An Heritage of Potted Plants

Brendan and I were not given an heritage of land from our parents but we have inherited a love for plants.

When Brendan and I got married, the first place we lived in was the attic of a fellow student’s house. We progressed to other houses as our family increased.

Our first home with a garden was an end of terrace house. We moved there in 1987. A Cherry tree grew across the street. The pink blossoms were a delight in spring and the colored leaves lingered in autumn. Brendan brought more colour to our bay windows with boxes full of Petunia and Lobelia.  The benefits far outweighed the cost.  Thanks to Brendan the boxes overflowed with trailing blossoms full of colour: pink, purple white and blue. He carefully tended them with water, a touch of miracle grow and some dead heading. They flourished. Our house was the only one in town with a window display. It was greatly admired.  In primary school my son’s teacher asked the children to write about how their family helped their community.  He wrote about his dad brightening up his neighborhood with his colorful window boxes.

There was war in Northern Ireland in those years. People were distressed and their minds were far from beautiful flower arrangements. The sky was grey during the troubles and the atmosphere tense. There may have been war outside but God was giving us peace in our home and garden.  In 1998 we had the Good Friday Agreement.  We have peace in Northern Ireland.  Since then towns around the Provence have flower displays in their centres. There is a competition for the best Blooming Town.  Brendan was prophetic when he made those window boxes.  He was light in the middle of darkness.

I believe everyone should have a garden. It gives extra space to sit in the sunshine or grow flowers and vegetables. In Greece I have seen families sit in the cool of the evening outside their white washed cottages, underneath a canopy of vine leaves. I believe it is God’s will as well. God says in his word, “Every man neath his vine and fig tree shall live in peace and be unafraid.” Micah 4 v 4.

Brendan continued to work in the garden at the back of the house. It was overgrown with weeds. Before we came to live there, people would walk through, as a short cut to the shops. He put up a fence, reclaimed the land, trimmed hedgerows, planted rose bushes, fixed the clothes line, and built a patio and a treehouse.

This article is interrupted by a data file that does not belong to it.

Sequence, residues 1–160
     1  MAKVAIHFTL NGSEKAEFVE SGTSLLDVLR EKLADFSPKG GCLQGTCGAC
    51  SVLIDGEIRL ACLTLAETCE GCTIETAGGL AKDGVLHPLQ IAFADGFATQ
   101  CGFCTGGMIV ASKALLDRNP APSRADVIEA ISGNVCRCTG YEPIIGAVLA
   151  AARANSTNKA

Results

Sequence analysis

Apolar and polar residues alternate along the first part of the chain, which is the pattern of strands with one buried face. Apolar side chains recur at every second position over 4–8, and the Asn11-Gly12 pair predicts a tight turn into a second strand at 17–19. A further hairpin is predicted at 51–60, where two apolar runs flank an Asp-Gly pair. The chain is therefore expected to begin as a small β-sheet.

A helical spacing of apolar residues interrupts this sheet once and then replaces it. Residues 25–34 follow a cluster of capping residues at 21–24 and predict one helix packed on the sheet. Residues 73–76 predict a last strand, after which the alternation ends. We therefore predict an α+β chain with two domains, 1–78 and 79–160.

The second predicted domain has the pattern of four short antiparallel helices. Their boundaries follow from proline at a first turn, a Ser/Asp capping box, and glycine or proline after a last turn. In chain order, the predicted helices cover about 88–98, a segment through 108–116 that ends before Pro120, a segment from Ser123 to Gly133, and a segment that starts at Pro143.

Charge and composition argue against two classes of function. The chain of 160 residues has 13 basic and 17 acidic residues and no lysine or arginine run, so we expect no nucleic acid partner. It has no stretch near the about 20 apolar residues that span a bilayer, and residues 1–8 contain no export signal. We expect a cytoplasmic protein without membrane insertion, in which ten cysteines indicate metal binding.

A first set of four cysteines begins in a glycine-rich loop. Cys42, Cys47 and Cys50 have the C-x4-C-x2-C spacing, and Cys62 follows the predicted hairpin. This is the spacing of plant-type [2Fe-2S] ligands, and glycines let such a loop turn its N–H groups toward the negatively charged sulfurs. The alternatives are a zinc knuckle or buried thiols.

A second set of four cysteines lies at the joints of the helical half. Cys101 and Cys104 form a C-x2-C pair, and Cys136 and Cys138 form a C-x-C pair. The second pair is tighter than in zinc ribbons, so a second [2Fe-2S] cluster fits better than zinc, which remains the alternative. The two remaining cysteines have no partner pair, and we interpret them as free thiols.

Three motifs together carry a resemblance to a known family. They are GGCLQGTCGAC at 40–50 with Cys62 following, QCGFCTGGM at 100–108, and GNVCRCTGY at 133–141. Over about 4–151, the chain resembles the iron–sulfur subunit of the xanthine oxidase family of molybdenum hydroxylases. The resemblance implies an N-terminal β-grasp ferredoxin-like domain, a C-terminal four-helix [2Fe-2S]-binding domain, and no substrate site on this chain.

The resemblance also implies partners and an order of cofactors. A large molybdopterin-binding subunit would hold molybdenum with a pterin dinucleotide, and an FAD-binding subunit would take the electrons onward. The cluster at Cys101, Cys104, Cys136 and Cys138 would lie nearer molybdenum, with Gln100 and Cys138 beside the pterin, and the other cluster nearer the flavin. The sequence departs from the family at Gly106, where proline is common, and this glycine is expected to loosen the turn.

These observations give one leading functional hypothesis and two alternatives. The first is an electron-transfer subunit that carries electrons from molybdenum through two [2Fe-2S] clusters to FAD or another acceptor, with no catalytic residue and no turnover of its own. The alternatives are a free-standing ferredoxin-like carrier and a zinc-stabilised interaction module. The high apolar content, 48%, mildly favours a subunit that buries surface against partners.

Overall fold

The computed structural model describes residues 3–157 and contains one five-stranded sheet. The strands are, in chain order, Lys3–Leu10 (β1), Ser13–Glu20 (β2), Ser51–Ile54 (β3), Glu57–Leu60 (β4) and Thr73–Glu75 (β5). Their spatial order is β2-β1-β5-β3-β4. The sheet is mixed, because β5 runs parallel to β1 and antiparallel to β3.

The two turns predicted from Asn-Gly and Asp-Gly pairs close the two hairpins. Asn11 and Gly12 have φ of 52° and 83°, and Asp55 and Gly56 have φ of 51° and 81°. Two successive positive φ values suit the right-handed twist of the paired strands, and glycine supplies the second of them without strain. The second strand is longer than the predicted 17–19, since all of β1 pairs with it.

A lilac tree grew at the entrance to our garden. It reminded me of my childhood. A tree grew in my neighbor’s garden in the country. As I walked to school each morning in May I loved to see the curly, light purple blossoms. It was in full blossom around my birthday at the end of May. Nature was comforting me and remembering my birthday.  I was inspired to write this blog this morning after seeing many lilac tree in the locality.

I am staying on the border of Massachuttes and New Hampshire. As we travel about I see many lilac trees. I asked my host about them. She told me the lilac is designated the state symbol for New York and New Hampshire. A lilac bush can live for hundreds of years.  Originally from Europe and Asia, lilacs date back to the 1750’s in America – they were planted in the first botanical gardens and both George Washington and Thomas Jefferson grew lilacs in their gardens. I am planning when I go home to buy a lilac tree and plant it in my garden.

Birds built their nests in the hedges as Brendan worked and the children played in the garden. Life returned to the neglected house and garden. Our family flourished in the space and peace. Brendan and I bore fruit in our Captain St home. We had six more children there. The house was a warm “nest” for our growing family.

Came time to move to a bigger home. Brendan and the children put rose bushes and other shrubs into pots. Empty window boxes were packed away. We wanted to bring with us our plants we had nurtured in the garden.

We moved to County Down. It is where I lived till I was eighteen. I grew up on a farm. My mum and dad retired to the town. Their garden was full of rhododendron bushes. Each came into flower at different times in May. I loved their garden. Sadly mum and dad had passed away many years before we moved.  Brendan’s mum would give him a cutting of a plant he would ask her about. We have inherited all the plants she grew in her garden.